The Déjà View Master is an interactive video installation for situations where people and their attention wander over the course of an evening. The audience uses a clock-like wooden controller to rewind surveillance video back from a live feed to some-time-before.
There are two parts: a surveillance camera and TV monitor, recording video on a Mac running a Max/Jitter patch, and a wireless wooden controller sending position data to the computer, to move the playhead.
Recording and Playing
The Max/Jitter patch takes video from a USB webcam and writes the camera feed to a hard drive as matrix files (.jxf), one per frame, while simultaneously reading them back for display on an external monitor (via a cheap VGA to RCA adapter). The files are numbered serially, overwriting the earlier files once a limit (time or drive space) is reached.
This is basically just doing what a DVR does, although it took a bit of figuring to get it running on an updating loop in Max.
The current frame (“now”) is set by a counter which resets at the maximum frame count. When the controller is set to display “now,” the live feed is actually reading the “now”-1 frame. As you dial the controller backward, it subtracts an appropriate number of frames from the current record frame, rolling backward through zero, until the earliest point of the recording is reached at “now”+1.
I added a video effect which becomes more visible the farther back in time you go — initially it was a feedback loop which caused motion blur, but I finally went with more visible and less processor-intensive black-and-white, with increased brightness and contrast. I’d still like to add a blur or luma increase during scrubbing, independent of distance from present, but that’s for a future version.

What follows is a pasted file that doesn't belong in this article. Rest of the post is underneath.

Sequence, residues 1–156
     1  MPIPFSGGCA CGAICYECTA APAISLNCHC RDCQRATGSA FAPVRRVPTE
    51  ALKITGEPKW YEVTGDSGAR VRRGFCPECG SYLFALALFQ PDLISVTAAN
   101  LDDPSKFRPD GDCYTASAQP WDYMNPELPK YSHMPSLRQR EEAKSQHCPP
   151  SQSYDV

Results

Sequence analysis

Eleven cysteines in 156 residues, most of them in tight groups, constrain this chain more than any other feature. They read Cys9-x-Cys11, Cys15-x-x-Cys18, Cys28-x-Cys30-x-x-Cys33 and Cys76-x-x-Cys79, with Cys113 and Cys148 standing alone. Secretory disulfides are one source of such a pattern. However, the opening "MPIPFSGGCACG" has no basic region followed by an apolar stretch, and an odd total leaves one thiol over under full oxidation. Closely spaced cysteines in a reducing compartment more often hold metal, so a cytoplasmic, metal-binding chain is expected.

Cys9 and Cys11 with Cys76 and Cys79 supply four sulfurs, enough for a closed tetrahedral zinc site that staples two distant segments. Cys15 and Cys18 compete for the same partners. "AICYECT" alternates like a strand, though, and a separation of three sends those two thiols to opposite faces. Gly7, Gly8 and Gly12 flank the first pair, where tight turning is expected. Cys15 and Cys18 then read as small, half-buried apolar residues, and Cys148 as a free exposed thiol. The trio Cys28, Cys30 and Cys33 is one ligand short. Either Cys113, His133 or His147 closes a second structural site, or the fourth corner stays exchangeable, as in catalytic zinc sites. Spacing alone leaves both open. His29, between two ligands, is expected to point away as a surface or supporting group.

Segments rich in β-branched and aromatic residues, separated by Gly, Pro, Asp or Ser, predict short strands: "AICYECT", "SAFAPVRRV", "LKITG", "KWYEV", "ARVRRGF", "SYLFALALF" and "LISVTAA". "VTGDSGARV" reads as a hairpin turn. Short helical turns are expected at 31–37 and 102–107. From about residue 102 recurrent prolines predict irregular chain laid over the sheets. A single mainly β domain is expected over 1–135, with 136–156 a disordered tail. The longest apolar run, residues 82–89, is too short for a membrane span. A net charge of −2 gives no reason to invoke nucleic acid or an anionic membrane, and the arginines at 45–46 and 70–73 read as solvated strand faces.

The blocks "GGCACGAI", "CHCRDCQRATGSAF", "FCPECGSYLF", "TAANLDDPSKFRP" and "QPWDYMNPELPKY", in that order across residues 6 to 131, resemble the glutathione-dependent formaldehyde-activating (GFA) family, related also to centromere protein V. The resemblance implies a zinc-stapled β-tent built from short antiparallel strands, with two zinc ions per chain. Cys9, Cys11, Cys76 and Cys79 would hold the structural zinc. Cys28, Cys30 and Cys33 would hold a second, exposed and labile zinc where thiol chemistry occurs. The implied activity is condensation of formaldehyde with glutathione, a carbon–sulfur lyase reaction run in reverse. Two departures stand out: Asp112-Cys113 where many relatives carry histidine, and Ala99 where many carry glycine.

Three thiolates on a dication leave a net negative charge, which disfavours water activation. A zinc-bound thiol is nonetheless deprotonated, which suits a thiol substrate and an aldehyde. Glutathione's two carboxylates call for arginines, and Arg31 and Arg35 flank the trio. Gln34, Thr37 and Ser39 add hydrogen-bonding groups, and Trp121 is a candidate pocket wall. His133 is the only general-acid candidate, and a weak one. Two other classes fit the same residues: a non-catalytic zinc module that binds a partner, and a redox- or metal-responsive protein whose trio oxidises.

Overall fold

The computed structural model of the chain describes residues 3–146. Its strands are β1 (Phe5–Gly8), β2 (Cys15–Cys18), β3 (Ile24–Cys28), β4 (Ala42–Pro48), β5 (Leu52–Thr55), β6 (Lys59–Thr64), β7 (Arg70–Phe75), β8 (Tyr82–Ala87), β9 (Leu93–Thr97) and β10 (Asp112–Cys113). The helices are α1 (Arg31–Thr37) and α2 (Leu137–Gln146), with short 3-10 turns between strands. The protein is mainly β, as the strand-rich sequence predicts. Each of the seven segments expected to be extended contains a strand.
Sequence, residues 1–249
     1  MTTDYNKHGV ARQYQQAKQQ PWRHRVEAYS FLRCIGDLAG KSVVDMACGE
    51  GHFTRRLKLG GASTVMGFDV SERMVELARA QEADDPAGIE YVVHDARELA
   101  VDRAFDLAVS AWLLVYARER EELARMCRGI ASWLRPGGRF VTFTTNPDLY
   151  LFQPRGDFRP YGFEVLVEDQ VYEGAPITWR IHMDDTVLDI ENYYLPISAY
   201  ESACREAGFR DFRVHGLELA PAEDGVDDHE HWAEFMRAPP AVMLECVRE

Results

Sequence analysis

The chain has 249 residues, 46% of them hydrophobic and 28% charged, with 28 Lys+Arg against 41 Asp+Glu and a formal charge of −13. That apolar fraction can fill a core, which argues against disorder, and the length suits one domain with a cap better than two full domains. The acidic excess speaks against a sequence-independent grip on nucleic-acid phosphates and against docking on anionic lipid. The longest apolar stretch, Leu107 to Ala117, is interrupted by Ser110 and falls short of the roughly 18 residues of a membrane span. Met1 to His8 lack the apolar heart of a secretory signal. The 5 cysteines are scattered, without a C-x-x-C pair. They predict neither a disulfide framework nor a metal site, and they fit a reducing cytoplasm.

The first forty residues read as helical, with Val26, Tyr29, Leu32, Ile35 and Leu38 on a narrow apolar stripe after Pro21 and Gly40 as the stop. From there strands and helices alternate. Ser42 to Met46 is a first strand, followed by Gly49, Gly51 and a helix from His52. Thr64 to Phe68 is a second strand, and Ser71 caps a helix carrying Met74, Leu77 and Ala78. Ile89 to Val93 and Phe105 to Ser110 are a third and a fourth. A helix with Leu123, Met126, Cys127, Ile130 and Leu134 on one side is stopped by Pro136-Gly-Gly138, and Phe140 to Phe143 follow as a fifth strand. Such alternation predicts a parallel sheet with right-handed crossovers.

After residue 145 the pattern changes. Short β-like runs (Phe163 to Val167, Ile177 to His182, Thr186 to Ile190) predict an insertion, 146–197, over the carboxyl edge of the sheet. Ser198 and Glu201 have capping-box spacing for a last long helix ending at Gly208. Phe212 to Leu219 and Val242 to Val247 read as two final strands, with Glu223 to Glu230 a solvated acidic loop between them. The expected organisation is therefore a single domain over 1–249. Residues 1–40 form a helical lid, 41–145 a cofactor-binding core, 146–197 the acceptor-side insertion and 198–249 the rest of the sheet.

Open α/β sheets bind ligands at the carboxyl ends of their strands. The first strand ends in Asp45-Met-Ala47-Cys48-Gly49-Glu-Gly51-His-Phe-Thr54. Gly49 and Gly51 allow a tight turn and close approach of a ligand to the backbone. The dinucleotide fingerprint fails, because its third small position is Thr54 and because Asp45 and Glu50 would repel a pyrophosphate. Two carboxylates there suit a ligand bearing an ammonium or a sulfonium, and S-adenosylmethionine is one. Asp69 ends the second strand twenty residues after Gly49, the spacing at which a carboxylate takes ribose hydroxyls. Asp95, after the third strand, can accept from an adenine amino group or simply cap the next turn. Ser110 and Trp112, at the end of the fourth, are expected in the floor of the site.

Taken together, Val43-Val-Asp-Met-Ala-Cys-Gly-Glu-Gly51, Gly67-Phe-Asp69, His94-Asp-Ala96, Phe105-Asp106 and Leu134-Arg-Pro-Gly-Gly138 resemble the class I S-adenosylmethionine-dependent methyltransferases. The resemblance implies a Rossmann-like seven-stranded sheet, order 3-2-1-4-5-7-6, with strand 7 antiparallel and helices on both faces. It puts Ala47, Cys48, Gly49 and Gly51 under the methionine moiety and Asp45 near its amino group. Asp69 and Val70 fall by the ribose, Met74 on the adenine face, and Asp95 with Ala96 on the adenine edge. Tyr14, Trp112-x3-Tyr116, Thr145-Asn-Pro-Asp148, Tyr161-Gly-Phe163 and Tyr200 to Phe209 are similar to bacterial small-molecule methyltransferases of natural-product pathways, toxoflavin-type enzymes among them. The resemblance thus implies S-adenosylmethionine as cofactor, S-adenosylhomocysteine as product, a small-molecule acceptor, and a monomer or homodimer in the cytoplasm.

The matrix files recorded to a solid state USB 3 hard drive. I also added a rotate 180 degrees function (jit.rota) for when the incoming webcam is clamped upside down to the ceiling.
The controller is the fun part. It’s a wooden box resembling a clock, with a wooden hand which controls the playback.
The design was inspired by the Pimoroni Timber Raspberry Pi enclosure, using stacks of laser cut wood. I used 1/8″ ply, which ended up taking close to an hour of laser time. It turned out well, but I might go for a different approach next time.
The face and back are 1/32″ veneer finished with Briwax, which allow two hidden LEDs to shine through (“now” and “before” indicators).
The clock hand is attached to a linear 10k potentiometer, which is wired to a Teensy 3.0 development board running standard Arduino code (take a look at the code here), powered by an 850 Ah lipo battery (it’s a 3.3V system). The Teensy sends serial data to the Max patch via a pair of XBee radios; the receiver XBee is attached to the recording computer with an FTDI cable and XBee adapter kit. The whole thing is mounted on an Adafruit perma-proto board.
George Del Barrio invited me to premiere the Déjà View Master at Vanderbilt Republic’s 2013 Art From The Heart photography show and event, curated by Renwick Heronimo. I had it set on a 70-minute loop, with the camera clamped to the ceiling, and monitor behind a transparent corrugated wall.
I may experiment with other controllers in future versions. The original idea was to use the position of a beer on a bar as the playhead, but I could see that ending with spillage. The wooden controller is pretty intuitive, as long as it’s obviously associated with the monitor. Another alternative to the current design is to use a radial encoder, so the hand can keep spinning as you wind through time.
Also check out the Photographic Monument that I programmed with Mark Kleback for the show.
[UPDATE 3/23/14: The Déjà View Master has evolved into Azimuth for the “Being and Time” art show.]